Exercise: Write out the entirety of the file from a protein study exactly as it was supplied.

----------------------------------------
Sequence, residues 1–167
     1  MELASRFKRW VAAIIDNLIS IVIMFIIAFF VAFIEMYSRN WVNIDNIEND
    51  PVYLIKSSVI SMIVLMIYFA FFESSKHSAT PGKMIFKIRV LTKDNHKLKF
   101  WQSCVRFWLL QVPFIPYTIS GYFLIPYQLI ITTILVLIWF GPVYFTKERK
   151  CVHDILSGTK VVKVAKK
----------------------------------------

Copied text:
Sequence, residues 1–167
     1  MELASRFKRW VAAIIDNLIS IVIMFIIAFF VAFIEMYSRN WVNIDNIEND
    51  PVYLIKSSVI SMIVLMIYFA FFESSKHSAT PGKMIFKIRV LTKDNHKLKF
   101  WQSCVRFWLL QVPFIPYTIS GYFLIPYQLI ITTILVLIWF GPVYFTKERK
   151  CVHDILSGTK VVKVAKK